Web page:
Annie Ruth Leslie: Annie Leslie is a professor in behavioral sciences at Bowie State University, where she teaches courses and conducts research about the culture, education and health of American women. She received a Ph.D. in sociology from Northwestern University, where she also served as dean. She has taught at Howard University and served as chairperson in sociology at Roosevelt and Bowie State universities.
Gayle Manchin: Gayle Conelly Manchin grew up in Beckley, W.Va., and graduated from West Virginia University with a bachelor of arts in language arts and education and a master of arts in reading. As an educator, Gayle worked in Marion County Schools at the secondary level. She also served on the faculty of Fairmont State University in developmental education and was the director of the university’s first Community Service Learning Program. In addition, she was actively involved in community advocacy for children and families. From January 2005 until November 2010, she served as West Virginia’s First Lady. In addition, the governor appointed her to serve as a member of the State Board of Education and as a commissioner on the West Virginia Commission for National and Community Service.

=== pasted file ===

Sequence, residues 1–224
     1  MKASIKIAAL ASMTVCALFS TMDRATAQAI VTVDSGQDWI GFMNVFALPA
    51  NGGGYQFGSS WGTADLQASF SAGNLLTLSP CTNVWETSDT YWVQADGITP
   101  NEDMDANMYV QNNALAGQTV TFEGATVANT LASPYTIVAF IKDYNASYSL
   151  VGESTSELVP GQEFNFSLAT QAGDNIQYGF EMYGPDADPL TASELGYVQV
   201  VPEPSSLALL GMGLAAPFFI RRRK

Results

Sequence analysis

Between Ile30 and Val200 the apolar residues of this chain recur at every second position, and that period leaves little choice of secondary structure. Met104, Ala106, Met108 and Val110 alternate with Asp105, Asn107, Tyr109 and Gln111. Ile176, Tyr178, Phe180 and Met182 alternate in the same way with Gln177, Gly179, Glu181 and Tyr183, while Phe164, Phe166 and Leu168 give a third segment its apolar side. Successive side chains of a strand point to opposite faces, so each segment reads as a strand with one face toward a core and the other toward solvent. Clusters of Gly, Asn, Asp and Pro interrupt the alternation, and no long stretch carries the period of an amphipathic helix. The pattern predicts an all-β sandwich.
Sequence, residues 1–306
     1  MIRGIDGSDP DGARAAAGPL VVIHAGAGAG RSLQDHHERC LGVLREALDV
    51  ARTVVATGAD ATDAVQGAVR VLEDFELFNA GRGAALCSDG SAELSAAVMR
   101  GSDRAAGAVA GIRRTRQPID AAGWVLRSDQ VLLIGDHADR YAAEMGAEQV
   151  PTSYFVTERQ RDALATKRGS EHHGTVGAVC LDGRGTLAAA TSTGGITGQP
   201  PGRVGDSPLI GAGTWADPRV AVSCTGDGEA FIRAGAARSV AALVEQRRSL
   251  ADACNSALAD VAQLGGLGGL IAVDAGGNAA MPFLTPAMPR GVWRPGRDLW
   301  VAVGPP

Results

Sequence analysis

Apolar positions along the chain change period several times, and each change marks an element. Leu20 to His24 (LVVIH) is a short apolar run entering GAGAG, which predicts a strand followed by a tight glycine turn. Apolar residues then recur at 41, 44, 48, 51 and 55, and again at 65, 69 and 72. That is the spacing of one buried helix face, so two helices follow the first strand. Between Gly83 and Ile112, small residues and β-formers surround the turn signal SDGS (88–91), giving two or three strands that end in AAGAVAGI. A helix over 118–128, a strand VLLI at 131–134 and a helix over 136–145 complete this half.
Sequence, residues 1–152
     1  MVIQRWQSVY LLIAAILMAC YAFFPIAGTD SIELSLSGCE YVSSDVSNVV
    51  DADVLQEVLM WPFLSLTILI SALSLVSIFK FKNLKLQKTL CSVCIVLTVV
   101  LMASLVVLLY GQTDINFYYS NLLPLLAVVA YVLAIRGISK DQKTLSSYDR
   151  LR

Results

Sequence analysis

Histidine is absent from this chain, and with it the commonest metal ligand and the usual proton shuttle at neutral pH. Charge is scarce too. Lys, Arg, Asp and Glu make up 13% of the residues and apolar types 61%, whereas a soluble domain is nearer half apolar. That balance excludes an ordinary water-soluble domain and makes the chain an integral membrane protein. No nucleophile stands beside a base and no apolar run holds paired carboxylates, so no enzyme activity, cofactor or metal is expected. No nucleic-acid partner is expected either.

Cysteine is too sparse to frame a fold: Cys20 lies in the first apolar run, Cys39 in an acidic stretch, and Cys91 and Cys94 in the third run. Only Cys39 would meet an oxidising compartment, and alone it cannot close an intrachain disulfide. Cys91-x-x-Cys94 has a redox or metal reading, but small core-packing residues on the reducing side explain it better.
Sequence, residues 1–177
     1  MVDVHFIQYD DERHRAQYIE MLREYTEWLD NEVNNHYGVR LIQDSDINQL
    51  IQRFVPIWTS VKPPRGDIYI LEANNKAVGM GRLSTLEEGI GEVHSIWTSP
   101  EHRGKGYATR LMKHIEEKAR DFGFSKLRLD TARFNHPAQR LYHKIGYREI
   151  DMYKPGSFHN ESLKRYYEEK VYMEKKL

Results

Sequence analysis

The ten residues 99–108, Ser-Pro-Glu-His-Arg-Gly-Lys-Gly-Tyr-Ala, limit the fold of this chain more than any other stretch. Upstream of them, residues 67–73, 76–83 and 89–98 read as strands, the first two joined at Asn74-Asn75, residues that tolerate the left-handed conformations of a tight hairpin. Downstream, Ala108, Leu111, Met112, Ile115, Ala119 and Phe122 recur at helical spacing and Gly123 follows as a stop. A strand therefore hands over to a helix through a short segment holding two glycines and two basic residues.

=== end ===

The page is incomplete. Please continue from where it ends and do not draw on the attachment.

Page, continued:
José D. Padilla: José Padilla has been in higher education for 13 years, after seven years in Washington, D.C., where he worked on public policy issues and in a senior executive position in the Clinton administration. Padilla joined DePaul University as its vice president and general counsel in May 2005. In the October 2010 edition of Hispanic Business magazine, Padilla was named one of the 100 most influential Hispanics in the nation for 2010.
Camille Preus: Camille (Cam) Preus is the commissioner of the Department of Community Colleges and Workforce Development (CCWD). CCWD provides leadership and advocacy with the governor, the legislature and other statewide stakeholders for Oregon’s 17 community colleges, seven workforce investment areas and many community-based organizations.